When the schools transitioned to virtual in the spring due to COVID-19, the one thing that held our family together was our schedule. With the therapists, counselors, special education teachers, and classroom teachers meeting virtually with my children, they needed the daily schedule as much as I did to keep all the appointments all straight. Following a schedule is a skill that we now rely on daily. The daily schedules are especially helpful for transitions from play to work activities and providing built in breaks. This week, a dear friend of mine from the United Kingdom sent a message mentioning she shared a recent PATINS TV feature on Visual Schedules with the family of one of her students, which inspired me to share this resource again and the success of using schedules in our family. 

Check out the PATINS YouTube channel for more ideas and resources. The PATINS Project Staff supports all Indiana public and charter schools and can help you create the high tech, low tech or no tech solutions to help your students access their education, including creating visual schedules.


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Jennifer Conti
It's so helpful to share what is working for your family this school year and I have no doubt it will be beneficial to others as w... Read More
Monday, 31 August 2020 09:31
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Aug
21

Grateful!

Grateful! Sandy smiling with her family.

With all the craziness going on in the world today, I wanted to take a moment to pause and to be Grateful! I consider myself to be very lucky and I am going to take this opportunity to express my gratitude. I have so many people in my life that make my life better in so many ways.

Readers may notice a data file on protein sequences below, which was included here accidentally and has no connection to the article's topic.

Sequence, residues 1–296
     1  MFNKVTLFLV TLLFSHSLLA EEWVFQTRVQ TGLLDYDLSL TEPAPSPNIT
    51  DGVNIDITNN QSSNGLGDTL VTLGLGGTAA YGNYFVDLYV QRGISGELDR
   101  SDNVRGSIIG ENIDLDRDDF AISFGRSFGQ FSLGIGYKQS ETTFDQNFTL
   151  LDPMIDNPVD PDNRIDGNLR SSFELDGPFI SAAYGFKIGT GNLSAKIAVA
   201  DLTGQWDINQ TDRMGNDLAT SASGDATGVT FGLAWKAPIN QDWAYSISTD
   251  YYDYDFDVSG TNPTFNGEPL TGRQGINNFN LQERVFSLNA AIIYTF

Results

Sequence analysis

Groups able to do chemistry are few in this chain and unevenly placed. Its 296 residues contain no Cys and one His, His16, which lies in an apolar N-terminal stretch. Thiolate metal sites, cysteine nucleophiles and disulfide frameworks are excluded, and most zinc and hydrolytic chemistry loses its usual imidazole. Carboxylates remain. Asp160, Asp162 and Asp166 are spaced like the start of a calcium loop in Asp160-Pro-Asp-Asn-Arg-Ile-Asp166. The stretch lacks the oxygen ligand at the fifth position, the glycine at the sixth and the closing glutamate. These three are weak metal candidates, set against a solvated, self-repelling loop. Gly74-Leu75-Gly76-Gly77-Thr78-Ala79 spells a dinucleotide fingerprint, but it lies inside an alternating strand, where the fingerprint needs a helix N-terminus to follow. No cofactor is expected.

My family is a big part of my life and through this pandemic, I have been able to spend time with my parents, my daughter, her wonderful boyfriend, and my husband. We have shared so many wonderful meals, played cards and games, and worked on countless puzzles.

My daughter has also chosen this crazy period in time to join a school corporation as a Speech-Language Pathologist. I am grateful that she has a job and is able to meet the needs of her students who need her so much. I am also so grateful that PATINS and ICAM have another great advocate out in the schools and she is already raising awareness in her school. 

I also have a fantastic extended family and we have been able to play tennis and to get out and take walks. I am also so grateful that while one member of my family has contracted COVID-19 that they had very minimal symptoms and they have recovered. We also survived a COVID-19 scare with my daughter, she had Bronchitis and we were grateful for that!

I am blessed to have a magnificent group of friends that I am very grateful for. I have so many women in my life that I can reach out to. I have my tennis friends who are always there to not only hit a ball around but to listen to me and take my mind off the world for a while. I also meet every Thursday for dinner with three friends. I look forward to our night out every week. I am grateful that I can call any of these women and know that they are there for me.